He goes on to list three fairly routine examples of how the WSJ allegedly got it wrong, using a $600 illustration: “In other words, $600 of suspicious funds were sent to an exchange that wasn’t Shapeshift. Because Shapeshift happens to be a customer of this same exchange – 10 months later in a completely unrelated transaction – the exchange sent funds to Shapeshift. The authors didn’t understand how to properly read the blockchain transactions, so they assumed there was $70k in ‘dirty money’ sent to Shapeshift. Allegation: $70,000 laundered by Shapeshift; Reality: $0 laundered by Shapeshift.”

In fairness, good journalism rattles cages, gets to the root, and unnerves those under its microscope. But good journalism also must be held accountable, and authors of investigative pieces have a duty to continue dialog even after publication in order to better allow readers closer proximity to supposed revealed truths. “We’ve found numerous other examples,” Mr. Voorhees complains. “We asked the WSJ to send us the specific transaction ID’s […] As of this writing, the WSJ has been unwilling or unable to send the requested transaction data necessary […].”

What do you think of the WSJ’s claims and Shapeshift’s response? Let us know in the comments section below. 


Images via Pixabay, Shapeshift. 


Be sure to check out the podcast Blockchain 2025, latest episode here. Want to create your own secure cold storage paper wallet? Check our tools section.



Source link

You may also like

Forex News

Fed Minutes note concern about slowing global growth and China

post-image


Fed minutes released online

  • Full report
  • Important to continue to monitor financial market developments
  • Noted that some downside risks had increased
  • Business investment has moderated
  • Recent household data have been strong
  • Strong labor market, inflation near target
  • See continued sustained expansion
  • A few officials concerned that uncertainty not captured by the dot plot
  • Reserves might near efficient level later this year
  • Several participants said rate hikes might prove necessary only if inflation outcomes higher than baseline outlook

Excerpts:

“Market participants pointed to a number of factors as contributing to
the heightened volatility and sustained declines in risk asset prices
and interest rates over recent months including a weaker outlook and
greater uncertainties for foreign economies (particularly…

Read More
Crypto Markets

Judge Appoints 2 Law Firms to Represent Quadrigacx Clients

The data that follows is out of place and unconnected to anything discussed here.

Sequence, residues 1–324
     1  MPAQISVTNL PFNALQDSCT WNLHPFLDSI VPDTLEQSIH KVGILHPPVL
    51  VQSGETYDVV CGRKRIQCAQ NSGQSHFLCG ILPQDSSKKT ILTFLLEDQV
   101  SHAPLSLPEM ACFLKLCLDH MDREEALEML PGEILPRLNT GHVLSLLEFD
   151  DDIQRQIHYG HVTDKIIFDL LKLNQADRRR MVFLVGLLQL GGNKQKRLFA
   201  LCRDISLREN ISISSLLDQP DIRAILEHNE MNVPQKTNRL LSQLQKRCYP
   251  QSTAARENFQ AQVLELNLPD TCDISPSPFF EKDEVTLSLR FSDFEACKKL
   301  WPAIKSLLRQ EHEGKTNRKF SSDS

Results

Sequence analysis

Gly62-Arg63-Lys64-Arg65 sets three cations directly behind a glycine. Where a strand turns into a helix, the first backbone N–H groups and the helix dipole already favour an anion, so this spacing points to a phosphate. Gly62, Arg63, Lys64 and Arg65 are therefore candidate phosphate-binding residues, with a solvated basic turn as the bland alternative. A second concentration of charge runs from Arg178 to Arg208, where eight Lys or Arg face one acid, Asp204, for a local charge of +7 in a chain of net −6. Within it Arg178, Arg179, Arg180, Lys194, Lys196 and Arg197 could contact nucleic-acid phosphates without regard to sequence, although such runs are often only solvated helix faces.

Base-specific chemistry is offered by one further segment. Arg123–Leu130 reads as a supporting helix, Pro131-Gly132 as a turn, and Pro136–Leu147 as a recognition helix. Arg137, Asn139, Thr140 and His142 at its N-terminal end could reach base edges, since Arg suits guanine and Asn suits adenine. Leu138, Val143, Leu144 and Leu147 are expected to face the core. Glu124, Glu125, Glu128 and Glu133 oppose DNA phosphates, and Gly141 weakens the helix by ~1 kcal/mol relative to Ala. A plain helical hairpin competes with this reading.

post-image


Two law firms have been appointed to represent the clients of insolvent Canadian crypto exchange Quadrigacx in court. The number of affected users has been estimated at approximately 115,000 and lawyers will have to contact as many as they can. The digital asset trading platform owes them approximately $190 million.

Also read: Hacked NZ Exchange Cryptopia Allowed to Reopen

Miller Thomson, Cox & Palmer to Reach Affected Users

Nova Scotia Supreme Court Justice Michael Wood issued a decision on Tuesday, Feb. 19, announcing the appointment of Toronto-based Miller Thomson and…

Read More
Company News

Britain managing Huawei risks, has no evidence of spying: official

post-image


LONDON/BRUSSELS (Reuters) – Britain is able to manage the security risks of using Huawei telecoms equipment and has not seen any evidence of malicious activity by the company, a senior official said on Wednesday, pushing back against U.S. allegations of Chinese state spying.

FILE PHOTO: A 5G sign is seen during the Mobile World Congress in Barcelona, Spain February 28, 2018. REUTERS/Yves Herman/File Photo

Ciaran Martin, head of Britain’s National Cyber Security Centre (NCSC), said Britain had yet to decide on its security policy for national 5G networks, but that Huawei equipment was subject to detailed oversight and strict government controls over where it was used.

“Our regime is arguably the toughest and most rigorous oversight regime in…

Read More
Investing

Amid trade talks, China urges U.S. to respect its right to develop, prosper

post-image


BEIJING (Reuters) – The United States should respect China’s right to develop and become prosperous, the Chinese government’s top diplomat told a visiting U.S. delegation, reiterating that the country’s doors to the outside world would open wider.

Myron Brilliant, executive vice president and head of International Affairs at the U.S. Chamber of Commerce (2-L) and Chinese State Councilor and Foreign Minister Wang Yi (2-R) attend a meeting at the Ministry of Foreign Affairs in Beijing, China February 19, 2019. Wu Hong/Pool via REUTERS

The world’s two largest economies began their latest round of trade…

Read More
Crypto Markets

In the Daily: Elon Musk Talks Bitcoin, Shanghai’s Fudan University, Xdat Exchange

post-image


In this edition of The Daily we cover some largely supportive remarks the famous entrepreneur Elon Musk has made about Bitcoin, the latest academic institution to launch a blockchain R&D center, and a new offering from Malta-based exchange Xdat.

Also Read: Bank of Spain Report: Bitcoin Is a Solution for a System Without Censorship

Elon Musk Talks Bitcoin

The founder of Tesla and Spacex, Elon Musk, is once again making headlines about crypto. He recently went on the Ark Invest podcast to discuss the future…

Read More